When 87 year old Leona Helmsley died in New York she was living alone in a lavish apartment with only her dog. She left an estate of some $4 Billion dollars.When the will was read it told the story of her relationships with people during her life. Before her only son died, she had a falling out with her daughter in law Mimi Panzirer and with two of her four grandchildren from that marriage. The feud with Panzirer was serious enough that when her son died she had her daughter in law evicted from the Helmsley owned house they were living in. While the two grandchildren she got along with were left $5 Million each, according to her will they got the money only if they visited their father’s grave once a year and she required them to sign the guest register there to prove their visit. Her other two grandchildren were left nothing. She did leave $100,000 to her Chauffeur, but she left a lot more for a perpetual care fund to be used to maintain the "five star" mausoleum in which she and her late husband Harry are buried – $3 Million dollars. The structure, assessed at over $1.5 Million dollars is located on five acres of secluded land. She directed that the edifice be "washed or steam cleaned at least once a year." While she left her brother Alvin Rosenthal $10 million dollars she left more to her dog. Leona gave the largest individual bequest to her eight year old dog named Trouble – $12 Million dollars. Her brother was left in charge of he dog in the will. The Maltese had been treated better then anyone else in Leona’s life while she was alive and now was to receive the largest amount she left to anyone in her will. She even directed that when the dog died it was to be buried with she and Harry in the mausoleum. The rest of the estate she left to her charitable trust.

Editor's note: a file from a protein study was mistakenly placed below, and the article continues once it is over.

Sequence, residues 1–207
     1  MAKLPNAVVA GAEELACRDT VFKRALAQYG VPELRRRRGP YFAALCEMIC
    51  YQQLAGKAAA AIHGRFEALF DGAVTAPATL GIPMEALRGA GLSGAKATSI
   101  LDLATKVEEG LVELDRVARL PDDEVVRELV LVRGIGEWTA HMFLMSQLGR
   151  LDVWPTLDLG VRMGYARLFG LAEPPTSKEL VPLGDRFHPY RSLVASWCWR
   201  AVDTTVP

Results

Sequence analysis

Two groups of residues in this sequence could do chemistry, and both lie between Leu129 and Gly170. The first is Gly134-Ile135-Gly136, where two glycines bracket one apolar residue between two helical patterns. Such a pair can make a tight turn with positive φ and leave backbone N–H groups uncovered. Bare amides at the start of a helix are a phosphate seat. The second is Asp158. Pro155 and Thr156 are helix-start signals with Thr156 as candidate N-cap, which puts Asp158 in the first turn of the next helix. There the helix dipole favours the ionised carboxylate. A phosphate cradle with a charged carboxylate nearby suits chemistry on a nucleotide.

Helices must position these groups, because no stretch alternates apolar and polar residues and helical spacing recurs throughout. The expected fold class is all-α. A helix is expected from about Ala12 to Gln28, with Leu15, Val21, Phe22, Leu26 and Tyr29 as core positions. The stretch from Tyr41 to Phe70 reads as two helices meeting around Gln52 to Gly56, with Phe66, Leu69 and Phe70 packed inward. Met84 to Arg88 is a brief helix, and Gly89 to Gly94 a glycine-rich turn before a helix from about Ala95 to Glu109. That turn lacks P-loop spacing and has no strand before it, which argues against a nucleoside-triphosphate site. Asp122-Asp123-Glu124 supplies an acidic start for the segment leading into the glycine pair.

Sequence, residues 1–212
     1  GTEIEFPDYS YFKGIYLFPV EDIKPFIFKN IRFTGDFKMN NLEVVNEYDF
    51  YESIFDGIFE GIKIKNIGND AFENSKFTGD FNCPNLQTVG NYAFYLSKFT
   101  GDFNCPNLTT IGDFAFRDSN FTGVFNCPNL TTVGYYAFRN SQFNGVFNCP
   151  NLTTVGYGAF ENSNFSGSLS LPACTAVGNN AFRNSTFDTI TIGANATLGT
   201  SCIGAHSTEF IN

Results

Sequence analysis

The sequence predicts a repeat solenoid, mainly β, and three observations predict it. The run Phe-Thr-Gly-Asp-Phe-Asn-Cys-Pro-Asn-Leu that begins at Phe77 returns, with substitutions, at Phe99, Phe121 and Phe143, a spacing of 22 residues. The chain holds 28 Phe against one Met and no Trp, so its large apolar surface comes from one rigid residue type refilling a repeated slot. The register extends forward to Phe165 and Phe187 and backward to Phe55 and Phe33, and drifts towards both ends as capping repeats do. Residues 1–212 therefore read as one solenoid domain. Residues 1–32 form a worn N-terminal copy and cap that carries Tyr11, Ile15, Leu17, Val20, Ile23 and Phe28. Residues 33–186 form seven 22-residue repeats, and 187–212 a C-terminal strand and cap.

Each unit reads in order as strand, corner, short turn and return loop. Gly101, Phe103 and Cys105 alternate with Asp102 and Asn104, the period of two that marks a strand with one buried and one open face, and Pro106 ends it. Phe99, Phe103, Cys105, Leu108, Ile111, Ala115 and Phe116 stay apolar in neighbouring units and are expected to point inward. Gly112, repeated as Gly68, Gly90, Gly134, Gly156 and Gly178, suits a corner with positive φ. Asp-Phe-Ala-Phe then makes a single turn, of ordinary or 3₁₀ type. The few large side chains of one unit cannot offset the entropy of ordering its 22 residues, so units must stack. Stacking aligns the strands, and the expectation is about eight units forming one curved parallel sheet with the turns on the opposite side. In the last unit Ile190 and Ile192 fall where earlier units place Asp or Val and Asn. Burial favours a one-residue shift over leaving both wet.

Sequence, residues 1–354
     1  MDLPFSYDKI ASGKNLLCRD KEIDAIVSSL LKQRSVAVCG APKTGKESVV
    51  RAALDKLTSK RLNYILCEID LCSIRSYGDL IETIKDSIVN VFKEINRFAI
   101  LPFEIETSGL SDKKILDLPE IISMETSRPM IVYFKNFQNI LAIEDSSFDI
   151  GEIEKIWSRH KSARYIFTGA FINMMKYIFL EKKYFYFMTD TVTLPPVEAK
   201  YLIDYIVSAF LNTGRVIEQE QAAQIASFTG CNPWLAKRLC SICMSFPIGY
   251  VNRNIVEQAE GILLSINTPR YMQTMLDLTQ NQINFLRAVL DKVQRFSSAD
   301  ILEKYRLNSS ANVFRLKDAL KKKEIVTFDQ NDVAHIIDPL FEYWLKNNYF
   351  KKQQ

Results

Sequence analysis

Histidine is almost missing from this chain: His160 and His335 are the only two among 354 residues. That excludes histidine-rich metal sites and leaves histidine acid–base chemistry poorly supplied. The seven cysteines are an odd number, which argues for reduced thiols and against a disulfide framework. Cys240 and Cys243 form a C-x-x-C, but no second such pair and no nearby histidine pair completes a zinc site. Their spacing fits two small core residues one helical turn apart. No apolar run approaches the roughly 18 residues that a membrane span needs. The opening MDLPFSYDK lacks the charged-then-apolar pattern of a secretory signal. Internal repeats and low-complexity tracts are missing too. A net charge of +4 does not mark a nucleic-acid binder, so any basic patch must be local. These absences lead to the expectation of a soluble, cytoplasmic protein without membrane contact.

It should be acknowledged that during her life she had given $25 Million to New York’s Presbyterian Hospital, donated $5 Million to Katrina victims, $5 Million to help families from the 9-11 disaster and had spent considerable sums helping to rebuild black churches in the South. In spite of this, her will tells her life story best. Scripture says it well, at least about some lives: "It is easier for a camel to go through the eye of a needle than for a rich man to enter the kingdom of God